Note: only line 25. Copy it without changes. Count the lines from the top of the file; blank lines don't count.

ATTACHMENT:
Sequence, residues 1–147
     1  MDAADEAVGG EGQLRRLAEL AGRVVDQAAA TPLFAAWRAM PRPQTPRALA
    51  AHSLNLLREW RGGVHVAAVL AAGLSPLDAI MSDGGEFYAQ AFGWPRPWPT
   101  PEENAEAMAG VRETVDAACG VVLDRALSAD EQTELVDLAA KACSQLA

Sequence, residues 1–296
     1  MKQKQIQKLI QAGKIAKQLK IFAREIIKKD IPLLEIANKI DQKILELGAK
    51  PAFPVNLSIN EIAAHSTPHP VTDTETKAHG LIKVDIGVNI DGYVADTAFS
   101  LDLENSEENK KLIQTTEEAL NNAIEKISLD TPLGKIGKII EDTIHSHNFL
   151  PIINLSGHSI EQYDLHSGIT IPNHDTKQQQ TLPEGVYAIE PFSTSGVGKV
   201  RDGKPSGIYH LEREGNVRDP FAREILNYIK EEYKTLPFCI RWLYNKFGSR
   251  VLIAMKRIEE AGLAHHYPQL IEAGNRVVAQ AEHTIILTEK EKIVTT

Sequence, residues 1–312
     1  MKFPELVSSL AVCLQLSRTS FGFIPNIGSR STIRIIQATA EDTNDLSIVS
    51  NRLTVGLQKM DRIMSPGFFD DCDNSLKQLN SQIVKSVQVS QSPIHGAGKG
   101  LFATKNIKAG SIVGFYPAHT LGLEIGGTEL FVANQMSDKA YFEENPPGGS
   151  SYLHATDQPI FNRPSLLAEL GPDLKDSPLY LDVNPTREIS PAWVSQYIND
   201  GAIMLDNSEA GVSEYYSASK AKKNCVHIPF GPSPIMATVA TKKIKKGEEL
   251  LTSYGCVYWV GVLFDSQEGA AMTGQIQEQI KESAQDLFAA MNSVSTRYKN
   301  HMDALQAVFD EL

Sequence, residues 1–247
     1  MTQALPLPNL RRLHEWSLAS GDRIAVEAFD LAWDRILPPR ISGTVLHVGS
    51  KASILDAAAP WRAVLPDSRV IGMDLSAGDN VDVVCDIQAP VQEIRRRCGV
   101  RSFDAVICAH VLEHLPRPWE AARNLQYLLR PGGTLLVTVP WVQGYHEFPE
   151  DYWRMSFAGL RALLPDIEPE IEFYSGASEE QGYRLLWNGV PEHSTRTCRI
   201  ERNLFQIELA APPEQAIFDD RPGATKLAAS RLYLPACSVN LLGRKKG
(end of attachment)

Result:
   201  ERNLFQIELA APPEQAIFDD RPGATKLAAS RLYLPACSVN LLGRKKG